I recently made a hot sauce using lime juice (no vinegar) as the acid base. It also has cooked and pureed carrot, onion, garlic, and harbanero peppers, plus spices.
I have two questions: #1 Once it steeped and was later opened I've since stored in the fridge. Will this sauce keep as long as a vinegar based, refrigerated hot sauce?
#2 If I decide to can a batch, is the water bath method okay or should I use a pressure cooker? It was delicious, by the way. I just want to know the best way to preserve it! Thanks.
By Cindy from KS
I would say use the pressure cooker as it is hard to say the acidity level. Better safe than sorry. It sounds fabulous, could you share the recipe? :)
This site may help answer your question.
Also put "Canning salsa made with lime juice" in your brower. Some more sites that may help.
Thanks for the responses, Merlene and Cindy in Texas - and yes I would be happy to share the recipe. (Link below.) In this link, the recipe I was asking about it titled "Essential Harbanero Hot Sauce." It is hot, hot, hot, but oh so lovely if you crave the heat. (In this recipe it gives the option to strain or not for a thinner/smoother sauce, but I chose not to strain.)
I also made a pint of the first recipe listed, "Island Seasonings" and it is delicious, too. It's basically a flavored vinegar, but we have loved it over cabbage, brussel sprouts, and salad greens, so far, and still experimenting.
I'll check out the suggested web site before we replant our garden, next spring and will follow that sage advice, "better safe than sorry" if I can't find a specific answer to the canning question. Thanks again to both of you. Here's the recipe link:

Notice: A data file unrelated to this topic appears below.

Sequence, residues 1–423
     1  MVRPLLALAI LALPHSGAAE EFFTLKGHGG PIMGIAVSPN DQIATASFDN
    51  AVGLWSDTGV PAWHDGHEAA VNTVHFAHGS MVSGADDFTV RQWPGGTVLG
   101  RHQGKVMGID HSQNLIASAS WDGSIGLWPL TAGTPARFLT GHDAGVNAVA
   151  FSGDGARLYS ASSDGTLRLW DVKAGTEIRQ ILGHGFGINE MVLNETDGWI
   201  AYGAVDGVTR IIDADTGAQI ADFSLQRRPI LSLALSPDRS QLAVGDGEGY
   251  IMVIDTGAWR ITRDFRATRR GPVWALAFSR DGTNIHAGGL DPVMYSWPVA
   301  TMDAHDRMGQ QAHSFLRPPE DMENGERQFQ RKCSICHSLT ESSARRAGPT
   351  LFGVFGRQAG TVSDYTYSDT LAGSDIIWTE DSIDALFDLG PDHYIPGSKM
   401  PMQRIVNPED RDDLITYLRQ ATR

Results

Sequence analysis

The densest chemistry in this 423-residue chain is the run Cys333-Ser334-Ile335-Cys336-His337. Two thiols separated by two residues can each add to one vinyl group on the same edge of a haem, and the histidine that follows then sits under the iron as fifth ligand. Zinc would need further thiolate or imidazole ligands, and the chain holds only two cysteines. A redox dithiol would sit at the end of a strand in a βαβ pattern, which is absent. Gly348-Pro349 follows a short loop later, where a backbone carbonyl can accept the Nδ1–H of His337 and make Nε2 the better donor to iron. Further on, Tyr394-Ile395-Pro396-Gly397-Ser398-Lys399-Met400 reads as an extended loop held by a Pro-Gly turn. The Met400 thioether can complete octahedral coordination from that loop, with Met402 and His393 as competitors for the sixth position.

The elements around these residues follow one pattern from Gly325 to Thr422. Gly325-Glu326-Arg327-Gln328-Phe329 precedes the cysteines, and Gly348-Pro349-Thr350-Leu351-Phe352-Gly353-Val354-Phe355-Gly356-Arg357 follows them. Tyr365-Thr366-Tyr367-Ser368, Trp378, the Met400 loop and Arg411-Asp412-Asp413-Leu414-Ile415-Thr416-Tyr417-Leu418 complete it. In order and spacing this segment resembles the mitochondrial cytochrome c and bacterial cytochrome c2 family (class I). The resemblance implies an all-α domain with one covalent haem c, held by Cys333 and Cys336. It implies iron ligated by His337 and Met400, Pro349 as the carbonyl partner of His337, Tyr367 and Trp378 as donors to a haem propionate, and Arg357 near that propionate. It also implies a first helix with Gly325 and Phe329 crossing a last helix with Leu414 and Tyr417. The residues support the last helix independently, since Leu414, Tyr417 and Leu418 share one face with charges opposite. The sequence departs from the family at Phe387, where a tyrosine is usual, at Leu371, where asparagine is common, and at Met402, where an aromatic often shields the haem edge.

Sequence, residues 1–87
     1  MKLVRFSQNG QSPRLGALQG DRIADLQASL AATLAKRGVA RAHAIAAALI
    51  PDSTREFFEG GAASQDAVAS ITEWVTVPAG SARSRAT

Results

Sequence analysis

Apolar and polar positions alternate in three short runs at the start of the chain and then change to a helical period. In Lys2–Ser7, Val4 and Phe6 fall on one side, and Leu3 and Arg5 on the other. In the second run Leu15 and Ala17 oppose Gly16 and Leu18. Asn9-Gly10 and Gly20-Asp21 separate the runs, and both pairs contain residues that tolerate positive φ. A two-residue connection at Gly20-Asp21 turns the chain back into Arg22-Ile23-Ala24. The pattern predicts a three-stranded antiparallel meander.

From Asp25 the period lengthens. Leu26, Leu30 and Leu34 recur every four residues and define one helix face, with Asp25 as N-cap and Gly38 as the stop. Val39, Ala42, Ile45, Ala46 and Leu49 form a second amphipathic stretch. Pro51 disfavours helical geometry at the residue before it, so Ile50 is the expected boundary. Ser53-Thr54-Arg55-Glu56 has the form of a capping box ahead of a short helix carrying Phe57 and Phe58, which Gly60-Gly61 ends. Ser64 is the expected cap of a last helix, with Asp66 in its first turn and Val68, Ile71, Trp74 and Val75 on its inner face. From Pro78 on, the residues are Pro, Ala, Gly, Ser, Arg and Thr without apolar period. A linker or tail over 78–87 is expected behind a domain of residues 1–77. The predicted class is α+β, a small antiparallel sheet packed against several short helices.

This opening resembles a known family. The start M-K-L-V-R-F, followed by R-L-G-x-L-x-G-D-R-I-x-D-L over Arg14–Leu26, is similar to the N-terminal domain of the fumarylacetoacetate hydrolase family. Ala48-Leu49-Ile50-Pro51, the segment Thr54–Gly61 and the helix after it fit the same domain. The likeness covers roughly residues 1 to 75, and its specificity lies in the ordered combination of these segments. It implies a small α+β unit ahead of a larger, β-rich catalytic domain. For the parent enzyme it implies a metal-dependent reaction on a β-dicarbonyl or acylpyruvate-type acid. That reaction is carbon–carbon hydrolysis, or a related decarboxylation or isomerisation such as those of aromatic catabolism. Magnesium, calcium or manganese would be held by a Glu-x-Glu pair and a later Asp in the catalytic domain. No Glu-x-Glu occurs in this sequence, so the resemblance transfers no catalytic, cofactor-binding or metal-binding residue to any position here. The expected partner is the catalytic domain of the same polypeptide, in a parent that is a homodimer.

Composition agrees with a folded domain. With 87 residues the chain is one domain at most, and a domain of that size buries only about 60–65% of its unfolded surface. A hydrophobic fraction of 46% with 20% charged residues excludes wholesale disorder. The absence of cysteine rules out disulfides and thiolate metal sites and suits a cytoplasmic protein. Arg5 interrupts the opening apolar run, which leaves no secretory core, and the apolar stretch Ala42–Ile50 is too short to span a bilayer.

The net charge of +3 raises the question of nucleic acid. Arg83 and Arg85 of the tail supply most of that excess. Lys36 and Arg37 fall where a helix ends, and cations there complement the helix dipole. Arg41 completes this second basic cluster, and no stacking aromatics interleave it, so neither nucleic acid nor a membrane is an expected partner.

It is easiest to use a recipe from a reliable source on cannng. Carrots have to be pressure canned unless they are pickled with the right amount of vinegar or citrus juice. Fresh limes might not have the proper level of acid. It's safest to use bottled lime juice, acidity level 5%. Also, I'm not sure that pureed carrots are safe to can. Some foods, when pureed, are dense enough it is feared they might not get to the right temperature. It depends on how much you thin that puree down.
I have canned hot sauce, delicious, wonderful hot sauce, in the water bath canner. It's pureed, but thinned down (not strained - that just cuts your yield down). I love lime, so I used bottled juice. I thought it would be subtandard, but it's actually pretty good.
There are a lot of good canning sources out there. One of the best is the Ball Guide to canning, Ball being a brand name.
Making your own hot sauce allows you to tailor it to your individual preferences. You can choose your favorite pepper to use, and control the amount of sugar, vinegar, and other spices. This page contains homemade hot sauce recipes.
This page contains garlic chili sauce recipes. Making your own garlic chili sauce allows you to adjust the sweet and spicy levels of this tasty condiment.